The white-eared titi monkey also known as the Bolivian titi or Bolivian gray titi, is a species of titi monkey, a type of New World monkey, from eastern Bolivia and an area of western Brazil. The species has a range that extends east from the Manique River in Beni Department, Bolivia to southern Rondônia in Brazil. The southern end of its range includes forests around the city of Santa Cruz de la Sierra.
Azara's night monkey, also known as the southern night monkey, is a night monkey species from South America. It is found in Argentina, Bolivia, Brazil, Peru and Paraguay. The species is monogamous, with the males providing a large amount of parental care. It is named after Spanish naturalist Félix de Azara. Although primarily nocturnal, some populations of Azara's night monkey are unique among night monkeys in being active both day and night. The species is listed as Least Concern on the IUCN Red List.
Nancy Ma's night monkey is a night monkey species from South America. It is found in Brazil and Peru.
The Peruvian night monkey, also known as the Andean night monkey, is a nocturnal New World monkey endemic to northern Peru. Adults weigh around 1 kg (2.2 lb) and measure up to 50 cm (20 in) in length. Its colour is grey to light brown with characteristic black and white markings on the face. The chest, belly and upper arms are orange tinged, however, to a lesser extent then Aotus nigriceps.
Spix's night monkey, also known as the Colombian gray night monkey, noisy night monkey and Spix's owl monkey, is a night monkey species from South America. It is found in Brazil, Colombia, Ecuador and Peru.
The Hamlyn's monkey, also known as the owl-faced monkey, is a species of Old World monkey that inhabits the bamboo and primary rainforests of the Congo. This species is exceedingly rare and known only from a few specimens; little is known about it. However these specimens tend to be widely dispersed throughout the eastern part of Congo, from the Epulu River to the Lukuga River and from the Congo River to the Kabale Forest, with one example in northwestern Rwanda. Geographically it corresponds quite closely to another species of monkey, L'Hoest's monkey C. lhoesti. It travels on the ground, and researchers think that it may be awake primarily by night.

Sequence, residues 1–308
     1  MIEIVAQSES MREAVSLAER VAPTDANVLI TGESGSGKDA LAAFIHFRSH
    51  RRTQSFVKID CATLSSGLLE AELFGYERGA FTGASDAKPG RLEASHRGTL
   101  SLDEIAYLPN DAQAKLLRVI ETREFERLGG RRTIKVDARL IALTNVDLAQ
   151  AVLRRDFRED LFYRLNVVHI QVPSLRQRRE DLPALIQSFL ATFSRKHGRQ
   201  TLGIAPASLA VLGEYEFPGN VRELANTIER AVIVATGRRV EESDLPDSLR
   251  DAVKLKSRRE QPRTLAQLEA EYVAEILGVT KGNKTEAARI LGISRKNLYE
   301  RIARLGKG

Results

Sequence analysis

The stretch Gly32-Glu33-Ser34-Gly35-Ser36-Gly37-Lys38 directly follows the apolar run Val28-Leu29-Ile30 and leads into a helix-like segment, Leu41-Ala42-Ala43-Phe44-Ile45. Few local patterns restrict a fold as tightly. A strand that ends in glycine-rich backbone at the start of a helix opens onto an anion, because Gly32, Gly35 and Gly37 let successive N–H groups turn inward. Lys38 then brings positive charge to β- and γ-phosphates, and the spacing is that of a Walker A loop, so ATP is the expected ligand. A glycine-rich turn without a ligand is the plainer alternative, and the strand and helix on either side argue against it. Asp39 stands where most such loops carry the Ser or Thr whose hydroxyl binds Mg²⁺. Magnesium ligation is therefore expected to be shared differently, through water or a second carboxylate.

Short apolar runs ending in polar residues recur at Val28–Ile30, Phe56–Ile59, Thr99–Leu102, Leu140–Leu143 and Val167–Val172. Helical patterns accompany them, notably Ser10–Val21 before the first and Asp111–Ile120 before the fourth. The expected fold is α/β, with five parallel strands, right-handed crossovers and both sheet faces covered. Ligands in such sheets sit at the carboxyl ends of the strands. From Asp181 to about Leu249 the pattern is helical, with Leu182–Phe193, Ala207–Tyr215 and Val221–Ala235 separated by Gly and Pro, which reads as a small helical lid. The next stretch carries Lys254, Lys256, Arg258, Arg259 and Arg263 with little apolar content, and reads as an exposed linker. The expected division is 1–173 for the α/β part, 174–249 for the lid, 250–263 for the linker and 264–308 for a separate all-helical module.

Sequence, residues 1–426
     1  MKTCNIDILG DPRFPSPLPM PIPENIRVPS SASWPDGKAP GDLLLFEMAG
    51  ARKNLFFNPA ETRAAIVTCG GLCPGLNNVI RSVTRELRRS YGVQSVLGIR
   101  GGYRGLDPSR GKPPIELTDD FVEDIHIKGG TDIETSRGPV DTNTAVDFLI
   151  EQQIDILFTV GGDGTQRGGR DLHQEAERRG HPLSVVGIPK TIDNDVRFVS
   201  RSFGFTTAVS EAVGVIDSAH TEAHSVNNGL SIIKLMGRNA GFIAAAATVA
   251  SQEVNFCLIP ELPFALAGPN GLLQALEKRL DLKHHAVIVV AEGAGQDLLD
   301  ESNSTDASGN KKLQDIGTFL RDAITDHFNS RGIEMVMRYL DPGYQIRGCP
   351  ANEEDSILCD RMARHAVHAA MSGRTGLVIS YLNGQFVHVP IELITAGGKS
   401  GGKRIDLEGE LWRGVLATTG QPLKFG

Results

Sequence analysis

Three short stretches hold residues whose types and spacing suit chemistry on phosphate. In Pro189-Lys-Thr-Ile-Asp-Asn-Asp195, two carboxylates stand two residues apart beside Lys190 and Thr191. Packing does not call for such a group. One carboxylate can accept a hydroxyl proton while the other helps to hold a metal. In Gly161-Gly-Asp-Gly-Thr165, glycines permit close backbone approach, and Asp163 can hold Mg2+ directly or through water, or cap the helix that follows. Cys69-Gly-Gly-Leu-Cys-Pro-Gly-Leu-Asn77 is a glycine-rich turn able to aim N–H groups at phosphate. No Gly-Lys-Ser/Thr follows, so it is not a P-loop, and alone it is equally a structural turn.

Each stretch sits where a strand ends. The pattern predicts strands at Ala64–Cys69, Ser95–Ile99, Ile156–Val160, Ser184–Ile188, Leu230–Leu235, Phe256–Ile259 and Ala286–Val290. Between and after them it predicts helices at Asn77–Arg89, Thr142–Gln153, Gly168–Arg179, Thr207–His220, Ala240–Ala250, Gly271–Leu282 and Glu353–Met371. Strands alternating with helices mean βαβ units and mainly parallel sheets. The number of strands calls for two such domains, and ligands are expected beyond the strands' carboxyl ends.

The Jamaican monkey is an extinct species of New World monkey that was endemic to Jamaica. It was first uncovered at Long Mile Cave by Harold Anthony in 1920.
Brumback's night monkey is a species of night monkey found in Colombia. It has traditionally been considered a subspecies of gray-bellied night monkey, Aotus lemurinus. but it has recently been argued that it should be considered a separate species.
The Panamanian night monkey or Chocoan night monkey is a species of night monkey formerly considered a subspecies of the gray-bellied night monkey of the family Aotidae. Its range consists of Panama and the Chocó region of Colombia. There are also unconfirmed reports of its occurrence in Costa Rica, especially on the Caribbean coast of Costa Rica. The species definitely occurs in the Atlantic lowlands of Panama close to the Costa Rica border.
The gray-handed night monkey is a species of night monkey formerly considered a subspecies of Gray-bellied night monkey of the family Aotidae. Its range consists of parts of Colombia and Venezuela. The exact classification of the gray-handed night monkey is uncertain. While some authors consider it a subspecies of the gray-bellied night monkey, A. lemurinus, other authors consider it a separate species, A. griseimembra.
Aotus dindensis is an extinct species of New World monkeys in the genus Aotus from the Middle Miocene. Its remains have been found at the Konzentrat-Lagerstätte of La Venta in the Honda Group of Colombia.
Humboldt's white-fronted capuchin is a species of gracile capuchin monkey. It is found in Colombia, Venezuela, Brazil, and potentially the island of Trinidad.